January 29, 2014 at 7:27 am

  2. I think the problem with the U.S. is that Europe dumped all their Puritans and other religious crazies here. That’s why we kick, and scream and wave our bibles at the rest of the civilized world.

    January 29, 2014 at 10:22 am

    • Well the religious crazies came here to escape mainstream oppression in Europe. Did you ever hear about the “free love communes” in NY and other NE states? They were pretty wild and crazy, using almost tantra to “commune with God/ess”. Regarding people sexual preferences, I have phrase – “I don’t care what people do to get off and be happy, as long as it doesn’t involve children and animals (the non-consenting). If some “bear” wants to dress up in a tutu with a toy that is powered by a leaf blower motor, then go for it” LOL. It is realy none of our business and none of the governments business what we do in our bedrooms. And that is the end of my sermon for the day. Amen…..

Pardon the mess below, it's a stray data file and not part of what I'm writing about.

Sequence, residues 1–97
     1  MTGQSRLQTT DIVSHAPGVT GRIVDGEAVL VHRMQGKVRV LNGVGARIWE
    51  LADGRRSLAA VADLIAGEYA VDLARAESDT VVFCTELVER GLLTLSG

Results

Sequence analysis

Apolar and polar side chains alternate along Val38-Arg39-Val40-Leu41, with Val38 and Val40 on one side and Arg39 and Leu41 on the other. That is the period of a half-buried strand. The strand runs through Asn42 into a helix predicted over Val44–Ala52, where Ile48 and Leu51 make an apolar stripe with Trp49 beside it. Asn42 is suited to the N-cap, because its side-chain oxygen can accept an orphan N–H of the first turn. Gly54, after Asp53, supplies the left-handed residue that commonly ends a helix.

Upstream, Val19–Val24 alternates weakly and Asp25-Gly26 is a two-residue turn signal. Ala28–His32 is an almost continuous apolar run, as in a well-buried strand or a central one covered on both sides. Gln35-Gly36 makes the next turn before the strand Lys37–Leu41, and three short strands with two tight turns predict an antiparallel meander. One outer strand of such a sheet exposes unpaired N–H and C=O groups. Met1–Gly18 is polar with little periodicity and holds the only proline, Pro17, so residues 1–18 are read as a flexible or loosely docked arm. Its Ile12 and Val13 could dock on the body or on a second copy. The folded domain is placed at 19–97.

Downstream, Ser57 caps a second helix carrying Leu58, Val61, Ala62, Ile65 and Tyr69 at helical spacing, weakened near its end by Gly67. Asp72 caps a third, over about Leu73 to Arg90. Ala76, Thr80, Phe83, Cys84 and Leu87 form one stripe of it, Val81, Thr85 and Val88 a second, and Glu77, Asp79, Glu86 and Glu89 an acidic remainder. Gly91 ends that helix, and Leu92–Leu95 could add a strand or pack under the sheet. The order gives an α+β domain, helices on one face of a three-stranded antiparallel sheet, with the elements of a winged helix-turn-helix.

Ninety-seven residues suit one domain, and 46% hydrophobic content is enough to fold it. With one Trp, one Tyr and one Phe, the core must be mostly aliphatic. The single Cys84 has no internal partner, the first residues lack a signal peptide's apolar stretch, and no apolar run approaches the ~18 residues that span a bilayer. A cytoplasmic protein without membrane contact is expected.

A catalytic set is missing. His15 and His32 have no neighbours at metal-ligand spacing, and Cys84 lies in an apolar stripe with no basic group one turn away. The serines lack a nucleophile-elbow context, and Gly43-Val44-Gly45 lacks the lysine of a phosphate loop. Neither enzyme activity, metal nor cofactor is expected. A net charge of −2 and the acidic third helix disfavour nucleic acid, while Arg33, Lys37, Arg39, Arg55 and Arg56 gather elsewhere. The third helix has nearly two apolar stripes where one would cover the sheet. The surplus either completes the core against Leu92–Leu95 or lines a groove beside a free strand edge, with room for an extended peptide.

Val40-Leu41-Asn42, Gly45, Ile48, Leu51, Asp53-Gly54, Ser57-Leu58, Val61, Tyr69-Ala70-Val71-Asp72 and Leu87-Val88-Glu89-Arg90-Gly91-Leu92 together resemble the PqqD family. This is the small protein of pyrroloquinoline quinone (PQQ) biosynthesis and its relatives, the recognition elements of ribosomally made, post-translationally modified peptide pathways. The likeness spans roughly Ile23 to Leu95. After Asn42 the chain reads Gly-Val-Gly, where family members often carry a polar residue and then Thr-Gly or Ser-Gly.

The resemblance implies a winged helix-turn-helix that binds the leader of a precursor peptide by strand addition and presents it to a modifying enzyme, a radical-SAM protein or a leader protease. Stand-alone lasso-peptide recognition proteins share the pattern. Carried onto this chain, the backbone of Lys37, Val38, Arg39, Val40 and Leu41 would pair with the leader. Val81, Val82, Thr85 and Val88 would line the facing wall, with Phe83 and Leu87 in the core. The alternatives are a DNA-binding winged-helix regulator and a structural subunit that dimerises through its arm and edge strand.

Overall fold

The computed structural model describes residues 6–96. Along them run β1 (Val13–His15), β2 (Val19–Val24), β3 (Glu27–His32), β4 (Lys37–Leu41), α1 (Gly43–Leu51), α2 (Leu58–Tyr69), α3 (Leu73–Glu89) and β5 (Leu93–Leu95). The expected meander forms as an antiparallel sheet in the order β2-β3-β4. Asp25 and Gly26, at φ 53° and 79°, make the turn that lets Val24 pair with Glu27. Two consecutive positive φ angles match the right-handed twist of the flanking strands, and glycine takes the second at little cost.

January 29, 2014 at 11:33 am

      • Good sermon Reverend Blau Stern, lol. I agree, I think people should be able to practice whatever kind of religion they want as long as they don’t hurt anyone. Unfortunately, the free love – commune with the Goddess – bear tutus or whoever don’t have as much of a political presence as the religious right.

        I am proud of OBOD’s involvement with the Fracking issue though. I think that’s the kind of thing that more people – religious, pagan, or whatever should get involved with politically.

        January 29, 2014 at 12:04 pm

      • Is there an OBOD group fighting fracking in PA? BTW nice transition from Fkng to Fracking, lol.

        January 29, 2014 at 12:44 pm

      • Most of the OBOD political activity is going on in the UK. The U.S. needs to get in on this!

        January 29, 2014 at 12:46 pm

      • i am not in any Druid organization and would not be able to physically travel to northern PA anyway, nor afford to spend any money. All i can support is the ACLU and Doctors Without Borders right now.

        January 29, 2014 at 12:49 pm

      • I just reblogged another post that has been on my list to read, with my comments. I think you will enjoy it sister http://blausternschlonge.wordpress.com/2014/01/29/homophobia-in-paganism/